Ariana Afghan Airlines

Ariana Afghan Airlines
IATA
FG
ICAO
AFG
Callsign
ARIANA
Founded1955
HubsKabul International Airport
Fleet size9
Destinations16
HeadquartersKabul, Afghanistan
Key people
Website: [1]


Ariana Afghan Airlines Co. Ltd. is the national airline carrier of Afghanistan, based in Kabul. The airlines operate domestic and international passenger services. It is wholly owned by the Afghan government and its main base is Kabul International Airport.[1]

Prior to the addition of the airline to the List of air carriers banned in the EU [2], the carrier maintained service to Frankfurt, Germany [3].

History

Enlarge picture
Ariana Afghan Airlines A310 F-GEMO is of scrapped, landing in Frankfurt,Germany .


Ariana Afghan Airlines was established on January 27, 1955. During the 1970s, Ariana was considered a top notch airline company by many travel experts. At that time, the airline operated equipment such as Douglas DC-10s.

After withdrawal of the Soviet Union in 1989 and collapse of former president Najibulla's communist government, the Taliban took over Kabul in 1996. Afghanistan faced substantial economic sanctions from the international sector during the Taliban regime. The sanctions, along with the Taliban government's control of the company and the grounding of many of the carrier's international flights, had a devastating effect on the economic health of the company through the 1990s. The fleet was reduced to only a handful of Russian and Ukrainian built An-26s, Yakovlev Yak-40s and three Boeing 727s, which were used on the longest domestic routes. In October 1996, Pakistan provided a temporary maintenance and operational base at Karachi. By 1999, Ariana flew only to Dubai, United Arab Emirates and Riyadh, Saudi Arabia; also, limited cargo flights continued into China's western provinces. However, sanctions imposed by UN Security Council Resolution 1267 forced the airline company to suspend overseas operations. In November 2001, the airline was grounded completely.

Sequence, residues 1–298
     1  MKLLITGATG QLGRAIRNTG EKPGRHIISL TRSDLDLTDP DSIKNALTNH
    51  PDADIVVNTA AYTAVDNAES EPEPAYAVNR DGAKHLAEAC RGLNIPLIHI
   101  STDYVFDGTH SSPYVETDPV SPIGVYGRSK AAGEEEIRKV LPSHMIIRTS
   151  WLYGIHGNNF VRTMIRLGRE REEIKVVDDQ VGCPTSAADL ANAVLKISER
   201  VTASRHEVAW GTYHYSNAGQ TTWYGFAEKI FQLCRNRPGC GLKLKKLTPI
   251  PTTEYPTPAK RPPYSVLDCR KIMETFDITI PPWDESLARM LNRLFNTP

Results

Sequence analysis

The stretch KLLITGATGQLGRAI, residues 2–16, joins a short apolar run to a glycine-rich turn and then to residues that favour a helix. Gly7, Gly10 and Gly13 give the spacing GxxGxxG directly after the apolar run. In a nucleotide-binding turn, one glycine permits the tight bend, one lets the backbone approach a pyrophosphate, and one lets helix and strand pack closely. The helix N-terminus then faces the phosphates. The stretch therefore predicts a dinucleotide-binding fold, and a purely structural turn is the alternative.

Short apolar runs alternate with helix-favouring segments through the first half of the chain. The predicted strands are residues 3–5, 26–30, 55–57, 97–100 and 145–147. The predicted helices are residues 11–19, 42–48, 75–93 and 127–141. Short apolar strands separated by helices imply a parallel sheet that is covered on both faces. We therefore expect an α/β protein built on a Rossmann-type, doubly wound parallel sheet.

Following the removal of the Taliban by US, UK and Afghan Northern Alliance forces in the wake of the September 11, 2001 Terrorist Attacks, Ariana began to rebuild its operations in December 2001. About a month later, the UN sanctions were finally lifted, permitting the airline to fly again. As a gesture of good-will and a step towards developing foreign relations with Afghanistan, the government of India gave the state carrier three ex-Air India Airbus A300s. Ariana resumed flights to international destinations, and its first international passenger flight since 1999 landed at Indira Gandhi International Airport in New Delhi, India.

Destinations

Ariana Afghan Airlines serve the following as of October 2007:

Former

Ariana used to serve these destinations: Aktyubinsk, Amritsar, Amsterdam, Beirut, Frankfurt, Jeddah, Kuwait, Lahore, London, Munich, Paris, Peshawar, Quetta, Riyadh, Rome, Tashkent, at home they operated to Herat and Mazar-e-Sharif.

Cargo

Ariana Afghan Cargo is the freight branch, they operate a single 727-200C freighter aircraft to various points in their network.

Fleet

Enlarge picture
An Ariana Afghan Airlines Boeing 757.
The Ariana Afghan Airlines fleet includes the following aircraft (at March 2007):[1] Ariana have also placed an order for 4 Boeing 737-700, which will be delivered in 2009.[3]

Incidents and accidents

  • In 1964, a Douglas DC-3 crashed in Herat, killing all 21 passengers on board.
  • In 1969, a Boeing 727 arriving at London Gatwick Airport from Frankfurt International Airport crashed into a house, killing 50 of the 66 persons aboard.
  • In 1985, an Antonov An-26 of Ariana was shot down by rebels near Kandahar, killing all 47 passengers and 5 crew.
  • In 1989, a door opened aboard a 727 in the middle of a flight from Kabul to Zaranj, and six people were killed when the plane crashed onto a hill.
  • In 1992, a Tupolev 154M, carrying the then president of Afghanistan Sibghatullah Mojaddedi, was hit by an RPG as it was on approach to land at Kabul Airport. The plane landed safely, with no fatalities.[4] [5]
  • In 1995, another An-26 crashed, after running out of fuel at Jalalabad, and three passengers died.
  • In 1997, another crash occurred in Jalalabad when a Yakovlev Yak-40 crashed while landing, resulting in two fatalities.
  • On 19 March,1998, a 727 from Kandahar to Kabul crashed after hitting a mountain, resulting in the loss of all 45 on board.